Does that imply there are other short names? Apparently so. Some use “Czech,” as in “I was in Czech last week.” (Similarly, "Dominican" is used as a short name for the Dominican Republic.) Czech as a country name sounds odd to me, but so does Czechia, and neither are widely accepted short names in English. But just as language evolves, so too do place-names. This may be the first time you’ve heard of Czechia, but I’m pretty certain it won’t be the last.
Wednesday, March 18, 2009
Hell hath no fury like that of Christopher Hitchens. This week Hitchens heaped his wrath upon copy editors at the New York Times. In "Terrorists, Dissidents, and Copy Editors" posted on Slate.com, it seems there's little difference in Hitchens's thinking among them. The reason for his contempt? The media, not even specifically the NYT, are labeling terrorist thugs in Northern Ireland as "dissidents." Hitchens invokes no greater power than the OED in his argument that dissident "describes only attitudes and not actions." Point taken. But lumping copy editors with terrorists is beyond the pale, really. Then again, Hitchens always takes no prisoners.
Tuesday, March 17, 2009
If it's Tuesday, then it's time to check the latest dispatch on After Deadline at the New York Times online site. Updated weekly and written by Philip Corbett, After Deadline discusses language usage and gives recent examples that ran in the NYT. Corbett is also in charge of the Times's style manual and gives updates to changes. This week's topic is verbs. There's also a lively comment section, where readers, mostly sticklers and purists (read, cranks), add their own two cents.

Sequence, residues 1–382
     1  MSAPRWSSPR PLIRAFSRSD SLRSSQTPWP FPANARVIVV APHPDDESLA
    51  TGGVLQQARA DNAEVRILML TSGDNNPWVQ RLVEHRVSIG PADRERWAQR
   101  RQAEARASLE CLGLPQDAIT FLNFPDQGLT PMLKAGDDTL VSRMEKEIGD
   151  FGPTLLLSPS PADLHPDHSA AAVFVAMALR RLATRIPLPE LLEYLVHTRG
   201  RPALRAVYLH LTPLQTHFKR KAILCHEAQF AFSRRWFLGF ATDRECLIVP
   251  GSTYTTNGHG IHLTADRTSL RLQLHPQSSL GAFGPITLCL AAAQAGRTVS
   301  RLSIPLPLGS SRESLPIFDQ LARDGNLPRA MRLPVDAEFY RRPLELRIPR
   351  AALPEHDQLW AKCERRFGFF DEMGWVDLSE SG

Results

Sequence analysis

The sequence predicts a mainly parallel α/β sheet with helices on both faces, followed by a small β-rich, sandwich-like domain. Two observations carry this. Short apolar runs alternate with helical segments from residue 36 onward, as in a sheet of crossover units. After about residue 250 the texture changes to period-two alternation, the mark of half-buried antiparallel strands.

Monday, March 16, 2009
I don't consider myself a stickler when it comes to applying so-called rules of grammar. But sometimes I fall into sticklerdom. A recent case in point: who versus whom. "Who are you going to call?" came across my desk in an article I was copyediting. "Whom are you going to call?" is grammatically correct but stilted. Using "who" in these cases is common but incorrect. We've used it in the national magazine I copy edit, in order to be less formal; then we get letters from sticklers.
Since the sentence was cliched and an overworked construction (remember the movie Ghostbusters?), I asked the editor to rework the sentence. The editor obliged and then gave me the above magnet with a painting of an owl by The Mincing Mockingbird, who sells his wonderful creations on Etsy.com. "If you were an owl," the editor told me, "you would definitely say 'whom'."
Friday, March 13, 2009
If you haven't heard about the latest book on copyediting, which hit some bookstores this week, you are behind the curve. The Subversive Copy Editor by Carol Fisher Saller, Q&A editor for the Chicago Manual of Style Online, has been getting rave reviews. Copyediting Editor Wendalyn Nichols praised the book in the February-March 2009 issue, writing that Saller "has hit this one out of the ballpark." John McIntyre blogged about it yesterday: "If you are a copy editor, an aspirant to copy editing, or a writer dealing with copy editors, a $13 investment in the paperback edition will be money well spent on your career."
Thursday, March 12, 2009
John McIntyre, who calls himself a "veteran drudge," writes my favorite blog on language usage: You Don't Say. The chief copy editor for the Baltimore Sun, McIntyre sports bow ties and an ironic wit that keeps his informed opinions and posts lively but not pedantic. He may look old school (his videotaped jokes certainly are), but he's solid on language, usage, and journalism. His blog also attracts devoted followers that post intelligent comments and provoke sometimes spirited debate.
Wednesday, March 11, 2009